Corrosion Behavior of Epoxy (Sigmaline) Coated X65 Steel in some : Current School News

Corrosion Behavior of Epoxy (Sigmaline) Coated X65 Steel in some Selected Corrosive Media

Corrosion Behavior of Epoxy (Sigmaline) Coated X65 Steel in some Selected Corrosive Media.

ABSTRACT

Like any industry, the economic success of the oil and gas industry can be no swifter than its success in corrosion control/prevention.

Some oil and gas industries operate in hostile offshore environment that harbors significantly quite substantially different corrosive agents including ions of chloride, Cl, bicarbonate (HCO3), hydrogen sulfide (HS), sulfide (S), etc., coupled with gases such as oxygen (O2), carbon dioxide (CO2), just to name a few.

Oil and gas structural materials and pipeline steels are made of metals. The interaction amongst these metals and between the metals and the aforementioned corrosive agents in seawater water environment causes metallurgy in-reverse (corrosion) with time. The result of the corrosion process leads to rusting and subsequently, failure of the materials.

Understanding the effects different corrosive environments have on materials deterioration doesn’t only drive a better understanding of corrosion control methods and mitigation techniques but also play a pivotal role in preventing oil and gas offshore platform from corrosion attacks.

The protection and safety such understanding offers to human and marine lives cannot be overemphasized. Billions of dollars can also be lost by poor corrosion management strategies. Although “corrosion prevention” is an overstatement as this research is concern, “corrosion control” is the diction of choose.

Different corrosion control methods including cathodic protection, coating, etc., are possible but epoxy coating was considered for the purpose of this research. An analysis of the corrosion behavior of X65 steel samples coated with epoxy (sigmaline), was carried out in some selected corrosive media of different concentrations.

INTRODUCTION

The demand for energy has continue to drive enhanced recovery and technological sources[1,2] including solar panels, organic light emitting devices, petrochemical products, etc., with petroleum being demanded the most World-wide[3] according to figure 1.1.

Being the major demand of energy source, petroleum recovery, its transportation, and storage still remain a serious challenge through metal pipelines subject to failure in corrosive environments[4,5]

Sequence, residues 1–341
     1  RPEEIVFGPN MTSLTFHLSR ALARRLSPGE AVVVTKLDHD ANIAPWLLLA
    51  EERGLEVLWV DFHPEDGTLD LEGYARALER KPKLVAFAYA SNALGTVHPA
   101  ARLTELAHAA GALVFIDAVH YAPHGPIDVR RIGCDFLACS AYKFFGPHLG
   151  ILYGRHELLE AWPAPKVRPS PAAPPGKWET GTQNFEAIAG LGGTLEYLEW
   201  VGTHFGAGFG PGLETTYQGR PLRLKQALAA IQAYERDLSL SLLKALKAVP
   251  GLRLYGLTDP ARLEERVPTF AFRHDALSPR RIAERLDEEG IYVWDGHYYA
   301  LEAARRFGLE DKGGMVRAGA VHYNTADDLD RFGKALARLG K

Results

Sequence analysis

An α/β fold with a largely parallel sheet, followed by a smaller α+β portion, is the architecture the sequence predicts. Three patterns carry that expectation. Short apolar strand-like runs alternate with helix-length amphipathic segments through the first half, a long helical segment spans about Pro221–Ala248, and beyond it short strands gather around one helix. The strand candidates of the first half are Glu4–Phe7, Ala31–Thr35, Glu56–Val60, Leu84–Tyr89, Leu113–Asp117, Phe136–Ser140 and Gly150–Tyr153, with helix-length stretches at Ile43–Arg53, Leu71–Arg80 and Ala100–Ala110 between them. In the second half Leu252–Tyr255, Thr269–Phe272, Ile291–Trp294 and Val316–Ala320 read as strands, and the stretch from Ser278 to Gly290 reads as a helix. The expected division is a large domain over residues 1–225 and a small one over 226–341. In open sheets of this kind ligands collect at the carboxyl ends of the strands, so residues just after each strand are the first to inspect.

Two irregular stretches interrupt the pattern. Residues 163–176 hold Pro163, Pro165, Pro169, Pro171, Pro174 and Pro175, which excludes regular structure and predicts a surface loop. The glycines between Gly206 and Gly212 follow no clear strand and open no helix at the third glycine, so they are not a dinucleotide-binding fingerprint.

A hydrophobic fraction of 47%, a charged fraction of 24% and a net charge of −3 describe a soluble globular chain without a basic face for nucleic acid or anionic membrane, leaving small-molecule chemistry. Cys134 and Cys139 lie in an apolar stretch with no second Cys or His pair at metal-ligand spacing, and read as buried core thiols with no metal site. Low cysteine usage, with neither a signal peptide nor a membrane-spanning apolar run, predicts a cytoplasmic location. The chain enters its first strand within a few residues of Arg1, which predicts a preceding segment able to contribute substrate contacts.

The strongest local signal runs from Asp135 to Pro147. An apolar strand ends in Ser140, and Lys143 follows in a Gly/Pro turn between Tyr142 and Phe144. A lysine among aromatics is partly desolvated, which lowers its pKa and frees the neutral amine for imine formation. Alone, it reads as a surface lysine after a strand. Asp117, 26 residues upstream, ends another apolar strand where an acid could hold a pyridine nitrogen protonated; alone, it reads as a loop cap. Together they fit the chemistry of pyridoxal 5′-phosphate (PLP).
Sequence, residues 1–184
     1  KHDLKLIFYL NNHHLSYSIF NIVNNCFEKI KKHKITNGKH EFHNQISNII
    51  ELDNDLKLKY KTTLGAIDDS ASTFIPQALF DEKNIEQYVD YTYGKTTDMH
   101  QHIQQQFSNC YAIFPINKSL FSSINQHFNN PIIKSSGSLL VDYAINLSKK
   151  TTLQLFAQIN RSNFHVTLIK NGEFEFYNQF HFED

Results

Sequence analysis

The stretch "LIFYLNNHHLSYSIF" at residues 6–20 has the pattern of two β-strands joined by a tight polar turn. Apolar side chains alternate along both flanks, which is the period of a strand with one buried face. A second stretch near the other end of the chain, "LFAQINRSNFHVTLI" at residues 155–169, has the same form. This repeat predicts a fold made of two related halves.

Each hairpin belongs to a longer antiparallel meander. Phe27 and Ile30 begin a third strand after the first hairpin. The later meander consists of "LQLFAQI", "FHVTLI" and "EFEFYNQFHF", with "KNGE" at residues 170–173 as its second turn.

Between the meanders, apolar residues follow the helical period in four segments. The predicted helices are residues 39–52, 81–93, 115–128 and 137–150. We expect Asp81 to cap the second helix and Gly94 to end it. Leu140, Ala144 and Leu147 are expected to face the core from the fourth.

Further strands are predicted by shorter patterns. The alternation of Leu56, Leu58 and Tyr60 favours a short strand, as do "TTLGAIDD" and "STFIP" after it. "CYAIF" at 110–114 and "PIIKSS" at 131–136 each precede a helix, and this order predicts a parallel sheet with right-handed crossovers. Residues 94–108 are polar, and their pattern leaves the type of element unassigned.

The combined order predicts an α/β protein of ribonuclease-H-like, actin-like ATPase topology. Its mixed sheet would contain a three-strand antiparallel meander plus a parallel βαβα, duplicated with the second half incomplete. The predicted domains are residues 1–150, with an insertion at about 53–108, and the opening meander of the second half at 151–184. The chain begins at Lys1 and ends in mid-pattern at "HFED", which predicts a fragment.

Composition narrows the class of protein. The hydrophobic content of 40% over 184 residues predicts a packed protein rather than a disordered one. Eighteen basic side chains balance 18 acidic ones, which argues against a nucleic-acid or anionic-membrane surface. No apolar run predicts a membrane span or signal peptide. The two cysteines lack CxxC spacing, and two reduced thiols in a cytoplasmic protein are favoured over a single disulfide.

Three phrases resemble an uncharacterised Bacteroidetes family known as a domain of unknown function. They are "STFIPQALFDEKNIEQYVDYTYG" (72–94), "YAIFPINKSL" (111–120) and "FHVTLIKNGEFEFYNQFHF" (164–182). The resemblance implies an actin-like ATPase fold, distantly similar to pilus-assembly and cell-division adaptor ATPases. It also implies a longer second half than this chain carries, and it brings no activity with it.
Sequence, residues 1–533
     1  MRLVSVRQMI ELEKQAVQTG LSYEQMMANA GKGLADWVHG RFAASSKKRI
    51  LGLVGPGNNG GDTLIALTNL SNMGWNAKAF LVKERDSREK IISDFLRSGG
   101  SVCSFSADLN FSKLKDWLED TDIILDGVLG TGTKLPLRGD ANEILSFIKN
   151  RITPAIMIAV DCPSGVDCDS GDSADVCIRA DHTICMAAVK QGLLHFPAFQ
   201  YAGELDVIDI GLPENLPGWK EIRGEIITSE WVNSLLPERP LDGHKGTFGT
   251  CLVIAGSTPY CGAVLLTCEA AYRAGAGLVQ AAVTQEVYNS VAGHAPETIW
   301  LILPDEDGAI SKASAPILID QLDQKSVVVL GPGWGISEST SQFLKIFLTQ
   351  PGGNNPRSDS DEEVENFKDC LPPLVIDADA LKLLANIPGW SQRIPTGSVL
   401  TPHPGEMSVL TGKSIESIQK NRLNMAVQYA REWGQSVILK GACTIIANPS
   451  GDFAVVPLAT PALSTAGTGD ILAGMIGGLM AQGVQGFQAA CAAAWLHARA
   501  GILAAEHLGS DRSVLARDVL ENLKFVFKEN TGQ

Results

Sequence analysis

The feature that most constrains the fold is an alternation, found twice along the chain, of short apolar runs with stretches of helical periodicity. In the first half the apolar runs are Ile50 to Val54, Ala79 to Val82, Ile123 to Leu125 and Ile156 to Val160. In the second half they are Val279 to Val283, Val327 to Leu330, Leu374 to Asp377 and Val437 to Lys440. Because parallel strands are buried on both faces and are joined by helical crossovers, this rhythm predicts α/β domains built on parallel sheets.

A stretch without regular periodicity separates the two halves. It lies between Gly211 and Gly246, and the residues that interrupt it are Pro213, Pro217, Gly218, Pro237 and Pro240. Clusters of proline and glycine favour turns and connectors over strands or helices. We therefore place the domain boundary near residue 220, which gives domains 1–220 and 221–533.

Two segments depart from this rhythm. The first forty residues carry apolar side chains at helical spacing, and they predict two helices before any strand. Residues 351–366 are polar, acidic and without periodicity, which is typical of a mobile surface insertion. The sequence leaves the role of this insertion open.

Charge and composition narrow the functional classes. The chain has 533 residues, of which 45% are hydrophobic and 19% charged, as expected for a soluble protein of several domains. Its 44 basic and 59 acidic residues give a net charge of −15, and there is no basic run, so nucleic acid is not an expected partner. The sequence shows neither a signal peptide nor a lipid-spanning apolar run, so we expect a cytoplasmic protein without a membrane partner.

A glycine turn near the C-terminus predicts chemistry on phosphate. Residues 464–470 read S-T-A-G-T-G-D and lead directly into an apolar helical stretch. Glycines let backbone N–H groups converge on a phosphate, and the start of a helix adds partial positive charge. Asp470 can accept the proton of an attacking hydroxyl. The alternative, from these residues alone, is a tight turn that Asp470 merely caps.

However, this demand has not only driven lucrative investments in new pipeline designs, but  has also challenged scientists and engineers involved with both researching and providing pipeline coatings to address protection requirements in corrosive environments that traditional coatings technologies cannot provide [6].

Most of oil and gas pipelines, valves, bolts, and other structural materials are made of metals that once existed in nature as stable ores, carbonates, or sulfides [1].

During metallurgical extraction process of ores, the refined metal absorbs a tremendous quantity of energy (unstable state), and corrosion is the natural means of releasing the high energy, thus reversing the metal to its initial low energy stable state [7].

Thus, preventing this reversible process, and hence, preventing oil and gas pipeline structures from corroding is very crucial to the petroleum industries whose products power a vast majority of the World’s manufacturing industries, transportation, and also serve as energy source in homes.

REFERENCES

Brondel, R. Edwards, A. Hayman, D. Hill, S. Mehta, and T. Semerad, “Corrosion in the Oil Industry,” pp. 4–18.

Smith, T. Siewert, B. Mishra, D. Olson, and A. Lassiegne, Coatings for Corrosion Protection : Offshore Oil and Gas Operation Facilities ,. 2004, p. 334.

I. Ossai, “Advances in Asset Management Techniques: An overview of corrosion Mechanisms and Mitigation Strategies for Oil and Gas Pipelines,” Hindawi Publishing Corporation -ISRN Corrosion, vol. 2012, p. 10, 2012.

R. Freeman and M. Metallurgy, “Analysis and Prevention of Corrosion-Related Failures,” vol. 2, no. Eq 3, 2002.

Place, “Managing Corrosion of Pipelines that Transport Crude Oils,” vol. 52, no. 5, pp.28–35, 2013.

Guan, “New Challenges and Developments in Pipeline Coatings.”

CSN Team.

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